Hamodia's tepid relationship with the Mayor was clear from the manner in which the paper covered Bloomberg's appearance at the Boro Park Jewish Community Council's annual legislative breakfast. The Mayor's appearance was buried within the story published Monday Oct. 19, with this statement: “Guiliani's suggestion that Bloomberg be elected for a third term was met with polite applause.” (See Exhibit A: Hamd1)
Another story in that issue featured a story (Exhibit B: Hamd2) about Rabbi Yehoshua Balkany, dean of Bais Yaakov yeshiva, who is endorsing Thompson. The article quoted Rabbi Balkany: “I endorse Bill Thompson because he is the best man now for the job.”
That same issue of Hamodia published a Letter to the Editor. (Exhibit C: Hamd3) The letter's writer, Elimelech Freiman, attended the event, and wrote” the number of “people who freely indicated to me they intend to vote for Thompson surprised me.”
Freiman described the atmosphere after the event: “While listening to the street debates, it was disheartening to hear some pro-Bloomberg activists trying to disparage Thompson by citing his race. One person grabbed my suit collar, and asked me, 'are you going to vote for the shvartze?'”
Freiman continued his letter with a personal assessment: “I think such talk is morally indefensible. This person was by his looks and demeanor obviously not a member of our community. But his free use of this kind of language was certainly based upon an assumption that such talk is acceptable and effective when talking to a Chassidic person like me. It is scary to think that a person would assume that such hate talk wouldn't offend a Chassidic-looking person. When I heard it, that assumption worried me more than the actual offensive language.”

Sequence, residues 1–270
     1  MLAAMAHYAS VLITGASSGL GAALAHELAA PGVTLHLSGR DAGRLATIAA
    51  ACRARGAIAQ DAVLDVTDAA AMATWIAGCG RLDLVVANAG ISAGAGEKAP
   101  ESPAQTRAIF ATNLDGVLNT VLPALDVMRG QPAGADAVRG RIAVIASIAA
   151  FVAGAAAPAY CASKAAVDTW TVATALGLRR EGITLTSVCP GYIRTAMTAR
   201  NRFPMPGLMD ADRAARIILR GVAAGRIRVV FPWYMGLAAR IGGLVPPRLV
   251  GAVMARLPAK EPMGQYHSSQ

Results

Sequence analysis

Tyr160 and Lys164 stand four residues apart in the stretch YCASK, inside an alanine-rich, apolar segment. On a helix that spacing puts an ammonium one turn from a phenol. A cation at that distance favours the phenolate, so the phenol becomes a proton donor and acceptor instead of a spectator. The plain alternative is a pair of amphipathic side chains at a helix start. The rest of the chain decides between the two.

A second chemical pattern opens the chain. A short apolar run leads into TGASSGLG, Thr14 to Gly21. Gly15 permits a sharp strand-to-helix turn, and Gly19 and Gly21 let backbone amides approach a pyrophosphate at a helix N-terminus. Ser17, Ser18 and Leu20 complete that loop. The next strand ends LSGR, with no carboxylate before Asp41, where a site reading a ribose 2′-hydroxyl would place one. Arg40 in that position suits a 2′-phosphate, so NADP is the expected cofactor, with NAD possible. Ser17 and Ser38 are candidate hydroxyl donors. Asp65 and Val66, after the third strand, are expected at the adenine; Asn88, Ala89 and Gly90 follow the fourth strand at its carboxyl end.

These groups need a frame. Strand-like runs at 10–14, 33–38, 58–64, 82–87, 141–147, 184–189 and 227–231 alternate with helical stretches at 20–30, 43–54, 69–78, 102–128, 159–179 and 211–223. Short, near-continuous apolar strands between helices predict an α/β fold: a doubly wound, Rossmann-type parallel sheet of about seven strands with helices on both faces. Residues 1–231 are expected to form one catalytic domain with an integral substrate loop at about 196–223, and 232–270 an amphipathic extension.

On Tuesday, Hamodia published op-eds (Exhibit D -D16 and Exhibit E – D18-19) from Assemblyman Dov Hikind and State Senator Eric Adams denouncing fear mongering and race baiting from the Bloomberg campaign. Hikind called it “under-handed, political maneuvering.” Adams called Guiliani's comments “a blatant attempt to terrorize New Yorkers and stir up divisive emotions,” and the comments “breach the boundary of appropriate political discourse and reek of bitter, divisive and reckless politics.” Adams added “Mayor Bloomberg clearly believes he benefits from such negativity.”
By midweek, Rudolph Guiliani's Police Commissioner, Bernard Kerik, officially became inmate #210-717 at the Westchester County Jail in Valhalla. Interestingly, no one has heard a peep from Guiliani, the “crime-fighting” mayor, since.
By Thursday, Assemblyman Hikind formally endorsed Bill Thompson.
On Friday, Mayor Bloomberg deemed it necessary to meet with the editorial board of Hamodia.
Well-crafted spin leaves the impression that Mike Bloomberg is a effective manager. Recent events surrounding his campaign question that impression. Over the years, Mike Bloomberg has voluntarily disclosed he was fired from Solomon Brothers for “incompetence.” Maybe Solomon Brothers knew something we don't.